Page Banner

United States Department of Agriculture

Agricultural Research Service

Research Project: Increasing Inland Pacific Northwest Wheat Production Profitability

Location: Soil and Water Conservation Research

Title: Assessing Nitrogen Status of Dryland Wheat Using the Canopy Chlorophyll Content Index

Authors
item Long, Daniel
item Eitel, Jan -
item Huggins, David

Submitted to: Crop Management at www.cropmanagement.org
Publication Type: Peer Reviewed Journal
Publication Acceptance Date: September 23, 2009
Publication Date: December 11, 2009
Citation: Long, D.S., Eitel, J.U., Huggins, D.R. 2009. Assessing Nitrogen Status of Dryland Wheat Using the Canopy Chlorophyll Content Index. Crop Management [Online]. Available: http://www.plantmanagementnetwork.org/cm/element/sum2.aspx?id=8617

Interpretive Summary: Active light sensors with sensitivity in the red, far red, and near infrared (NIR) wavebands are now available for use with ground applicators to sense crop reflectance, measure crop nitrogen (N) response, and apply N fertilizer at the same time. These sensors rely upon the Normalized Difference Vegetation Index (NDVI) which is computed from the red and NIR wavebands in ratio. However, NDVI is poorly related with crop N status in water limiting environments. The objective of this study was to compare NDVI and the Canopy Chlorophyll Content Index (CCCI) for estimating the N status of dryland wheat. Canopy reflectance was measured in a small plot experiment with dryland wheat by means of an active three band sensor, and correlated with relative chlorophyll and leaf N contents. The CCCI was more highly correlated with these variables than the NDVI. Similar results were obtained in two production fields. A simple N response index is proposed using the CCCI to base late-season topdressing N applications and increasing grain protein concentration.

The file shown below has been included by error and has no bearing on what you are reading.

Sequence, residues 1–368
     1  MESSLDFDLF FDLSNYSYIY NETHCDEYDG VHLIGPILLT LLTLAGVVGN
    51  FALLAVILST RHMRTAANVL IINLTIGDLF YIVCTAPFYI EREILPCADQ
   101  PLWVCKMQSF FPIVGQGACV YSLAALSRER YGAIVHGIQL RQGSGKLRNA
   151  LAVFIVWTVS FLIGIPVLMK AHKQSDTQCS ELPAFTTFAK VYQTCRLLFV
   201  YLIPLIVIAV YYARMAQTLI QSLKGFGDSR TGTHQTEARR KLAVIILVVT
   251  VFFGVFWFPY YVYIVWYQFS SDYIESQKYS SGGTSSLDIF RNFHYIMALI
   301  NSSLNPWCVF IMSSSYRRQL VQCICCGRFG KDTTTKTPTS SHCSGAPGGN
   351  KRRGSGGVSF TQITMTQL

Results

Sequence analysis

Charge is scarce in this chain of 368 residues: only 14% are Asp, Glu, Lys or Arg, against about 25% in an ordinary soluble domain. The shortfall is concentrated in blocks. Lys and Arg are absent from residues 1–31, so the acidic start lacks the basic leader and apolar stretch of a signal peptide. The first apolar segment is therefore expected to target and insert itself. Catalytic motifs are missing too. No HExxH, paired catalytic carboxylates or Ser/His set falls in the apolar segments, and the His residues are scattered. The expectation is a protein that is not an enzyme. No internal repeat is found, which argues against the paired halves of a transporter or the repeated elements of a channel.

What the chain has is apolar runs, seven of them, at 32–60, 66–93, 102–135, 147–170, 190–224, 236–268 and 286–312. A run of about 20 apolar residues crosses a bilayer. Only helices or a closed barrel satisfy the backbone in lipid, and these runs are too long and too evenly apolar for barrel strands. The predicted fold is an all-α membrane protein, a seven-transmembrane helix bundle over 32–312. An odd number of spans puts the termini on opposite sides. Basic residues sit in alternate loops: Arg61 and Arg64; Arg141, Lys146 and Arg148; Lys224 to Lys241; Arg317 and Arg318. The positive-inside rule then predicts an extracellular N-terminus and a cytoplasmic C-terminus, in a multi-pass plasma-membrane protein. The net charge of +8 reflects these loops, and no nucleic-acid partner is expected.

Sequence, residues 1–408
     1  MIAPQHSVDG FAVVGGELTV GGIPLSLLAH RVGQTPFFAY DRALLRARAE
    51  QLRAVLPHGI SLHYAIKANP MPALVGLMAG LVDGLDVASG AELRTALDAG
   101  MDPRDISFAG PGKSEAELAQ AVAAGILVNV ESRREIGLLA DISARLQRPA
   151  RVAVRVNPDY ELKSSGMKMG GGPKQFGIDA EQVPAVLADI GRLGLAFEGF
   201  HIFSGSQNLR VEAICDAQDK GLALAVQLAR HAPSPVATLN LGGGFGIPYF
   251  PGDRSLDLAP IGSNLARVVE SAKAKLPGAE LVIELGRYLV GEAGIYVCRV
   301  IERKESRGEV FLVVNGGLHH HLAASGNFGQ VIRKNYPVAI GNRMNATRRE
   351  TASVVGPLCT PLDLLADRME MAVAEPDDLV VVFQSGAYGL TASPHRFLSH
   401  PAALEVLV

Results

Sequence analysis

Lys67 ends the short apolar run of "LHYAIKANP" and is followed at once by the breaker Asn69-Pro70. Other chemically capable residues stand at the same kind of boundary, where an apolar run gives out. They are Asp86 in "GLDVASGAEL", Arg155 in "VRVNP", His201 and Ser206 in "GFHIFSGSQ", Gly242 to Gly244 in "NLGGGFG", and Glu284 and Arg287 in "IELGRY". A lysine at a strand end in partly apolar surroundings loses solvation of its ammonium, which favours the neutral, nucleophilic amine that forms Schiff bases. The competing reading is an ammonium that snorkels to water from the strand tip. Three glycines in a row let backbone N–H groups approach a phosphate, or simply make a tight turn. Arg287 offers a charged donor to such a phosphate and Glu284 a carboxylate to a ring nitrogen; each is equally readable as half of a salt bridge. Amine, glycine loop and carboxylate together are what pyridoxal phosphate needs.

Technical Abstract: Ground-based, active light sensing relies upon the Normalized Difference Vegetation Index (NDVI) for assessing crop nitrogen (N) response and applying N fertilizer. However, NDVI may not work well in semiarid environments where biomass and yields depend upon plant water. This study evaluated the Canopy Chlorophyll Content Index (CCCI) for predicting leaf chlorophyll and N contents while minimizing non-N related crop variation. Ground reflectance was measured on wheat (Triticium aestivum L.) in a small plot experiment using an active sensor with sensitivity in red, red edge, and near infrared wavebands. Relative chlorophyll and N were measured in flag leaf samples. The CCCI was calculated from the Normalized Difference Red Edge (NDRE) index and NDVI in ratio. Index CCCI was more highly correlated with chlorophyll (r^2=0.46) and leaf N (r^2=0.31) than NDRE (r^2<0.17) or NDVI (r^2<0.10). Chlorophyll and leaf N were well described by CCCI in two farm fields (r^2<0.80), but NDRE or NDVI performed well in only one field. The CCCI shows promise over NDVI for predicting N status. A simple N response index is proposed using CCCI to base late-season topdressing for increasing grain protein in hard red wheat.

Last Modified: 7/22/2014
Footer Content Back to Top of Page